state of the “drug” nation

“We will not stop until the last drug lord, the last financier and the last pusher have surrendered or are put, either behind bars or below the ground, if they so wish.” – Philippine President Duterte, on drug enforcement.

A partial transcript of the speech is here if you want to read it, but it doesn’t contain his adlibs. It was vague, meandered up and away so he could score some comedic points and left me wondering. It feels like populist propaganda to me. But he is the populist Dirty Harry president everybody loves. So why not.

Rodrigo_Duterte_June_2016
President Rodrigo Duterte, photo courtesy of Wikipedia

The good points included a nicely scaled down event, no mega-fashion show as with previous years. It’s funny that all it took was a short statement banning it. PNoy must be shocked. I guess vague economic promises, a “ceasefire” and basically a whole of it “it will be like this” without actual statements on what they will do count kind of counts.

Nothing about the China Sea ruling, which for me is a pertinent issue since they are building on the contested land. Nothing regarding the Marcos burial.

Scapegoats are nice. Drugs have always been a nice scapegoat for governments. Nixon knows this too. After all, he was the original “war on drugs” president. A declared war on drugs feels a lot like state-sanctioned propaganda.

Drugs are a pervasive societal issue that affects people at all levels. There’s no one-off solution to “solving” drug smuggling, use and abuse. But it’s easy to please people through a show of force. And it’s easy to please people who are all to happy to hand it over to a president who has a reputation for taking action.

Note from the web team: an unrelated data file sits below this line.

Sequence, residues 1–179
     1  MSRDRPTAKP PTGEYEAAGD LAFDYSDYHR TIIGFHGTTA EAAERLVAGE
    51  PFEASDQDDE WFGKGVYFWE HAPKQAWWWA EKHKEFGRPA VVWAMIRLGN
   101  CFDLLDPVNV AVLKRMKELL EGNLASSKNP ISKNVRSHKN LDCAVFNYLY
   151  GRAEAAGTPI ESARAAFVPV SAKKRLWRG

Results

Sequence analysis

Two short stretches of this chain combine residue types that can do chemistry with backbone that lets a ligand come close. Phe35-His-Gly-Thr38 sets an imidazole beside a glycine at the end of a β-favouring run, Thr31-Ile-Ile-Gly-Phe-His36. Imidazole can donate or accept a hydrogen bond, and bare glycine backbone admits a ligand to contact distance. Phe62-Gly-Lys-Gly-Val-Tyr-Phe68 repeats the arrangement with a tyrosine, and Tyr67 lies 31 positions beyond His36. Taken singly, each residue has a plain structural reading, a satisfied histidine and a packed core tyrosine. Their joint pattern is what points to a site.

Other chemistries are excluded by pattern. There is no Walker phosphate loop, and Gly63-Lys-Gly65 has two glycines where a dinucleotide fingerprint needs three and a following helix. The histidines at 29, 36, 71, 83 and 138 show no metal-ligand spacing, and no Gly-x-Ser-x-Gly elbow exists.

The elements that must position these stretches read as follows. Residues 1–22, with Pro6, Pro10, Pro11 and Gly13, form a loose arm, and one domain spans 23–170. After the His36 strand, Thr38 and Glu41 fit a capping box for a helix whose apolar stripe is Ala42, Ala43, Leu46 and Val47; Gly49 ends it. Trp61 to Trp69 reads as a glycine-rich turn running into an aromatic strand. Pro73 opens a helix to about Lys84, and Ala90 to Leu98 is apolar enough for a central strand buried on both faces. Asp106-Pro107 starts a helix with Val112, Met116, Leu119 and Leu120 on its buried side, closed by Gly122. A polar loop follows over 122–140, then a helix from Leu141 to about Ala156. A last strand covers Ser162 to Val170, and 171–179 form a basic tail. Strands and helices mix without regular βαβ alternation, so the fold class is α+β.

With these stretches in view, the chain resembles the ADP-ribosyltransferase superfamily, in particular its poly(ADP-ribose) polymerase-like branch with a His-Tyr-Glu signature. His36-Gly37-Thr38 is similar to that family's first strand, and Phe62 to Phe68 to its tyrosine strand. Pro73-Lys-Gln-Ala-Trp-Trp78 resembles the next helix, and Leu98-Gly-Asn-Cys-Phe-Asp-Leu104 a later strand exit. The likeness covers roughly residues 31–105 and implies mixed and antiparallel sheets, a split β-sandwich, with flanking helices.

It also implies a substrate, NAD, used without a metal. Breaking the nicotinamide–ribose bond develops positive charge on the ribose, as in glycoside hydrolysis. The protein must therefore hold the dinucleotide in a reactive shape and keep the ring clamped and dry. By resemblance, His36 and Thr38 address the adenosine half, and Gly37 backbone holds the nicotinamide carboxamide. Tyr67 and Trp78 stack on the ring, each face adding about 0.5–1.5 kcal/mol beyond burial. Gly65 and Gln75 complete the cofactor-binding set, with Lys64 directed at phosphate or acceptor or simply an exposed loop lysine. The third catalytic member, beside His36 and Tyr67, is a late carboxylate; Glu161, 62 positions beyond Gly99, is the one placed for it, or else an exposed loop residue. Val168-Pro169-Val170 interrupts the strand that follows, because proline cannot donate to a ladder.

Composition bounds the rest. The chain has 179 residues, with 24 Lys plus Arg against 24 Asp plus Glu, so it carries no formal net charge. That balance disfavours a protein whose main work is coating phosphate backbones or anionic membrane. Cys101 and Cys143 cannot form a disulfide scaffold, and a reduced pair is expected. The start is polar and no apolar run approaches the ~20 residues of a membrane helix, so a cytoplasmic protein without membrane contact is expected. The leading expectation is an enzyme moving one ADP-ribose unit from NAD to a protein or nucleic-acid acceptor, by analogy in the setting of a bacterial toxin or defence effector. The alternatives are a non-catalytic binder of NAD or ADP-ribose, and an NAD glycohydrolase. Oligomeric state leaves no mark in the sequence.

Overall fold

In this context, I can’t help but think of Richter Baykin, the 16-year old student killed in a buy-bust in Baguio. (Buy-busts in Baguio are a laugh and a half, let me tell you.)

What about Jefferson Bunuan, the young scholar shot dead in his sleep next to his cousin. Police say they started a gunfight, so they shot them. Witnesses say they were asleep. Maybe people hide guns under their mattresses these days. In a country where a gun costs more than a month’s salary. (Legally, of course!) Illegally, well.

Do we have a concept of reasonable force in this country? Or is force reasonable because you have the authority to wield it?

Not all cops. Not all pushers? Do we have that kind of hashtag? #druggielivesmatter Every life matters? Or they only matter if they make national news, but if you classify them as no-lives, worthless lives that don’t deserve the basic things other people do, because “human rights cannot be used a shield or an excuse to destroy the country–your country and my country. (Duterte, again in the same speech”.

If so, what other reason can be used? 400 estimated dead due to extrajudicial killings. Of course, some of them were committed by vigilantes in the name of justice.But you have the dubious blessing of The Man in Power.

It’s easier to kill than to prove guilt. He does talk about rehabilitation later on. You can’t put the dead in rehab, though.

You can’t really put the dead anywhere.

Malicioso: LAWZ and DUMB STUFF PEOPLE DO

First off, this was my first reaction to this law.

Here’s a quick guide to the best law ever enacted in the Philippines. Epic blogger Raissa Robles has a lot to say about it, so go over there and read her post. Also, this is my interpretation of the law. Feel free to engage me in active, spirited discussion.

LIBEL

Quickie: suing because of stuff said online isn’t a new thing. The blogger who went after columnist Celine Lopez and her cartel had some legal issues that quickly died out because, apparently, you can’t sue someone for online libel if they don’t live in the Philippines. Also, I read up on libel until I was cross-eyed and here’s my non-legal take on it: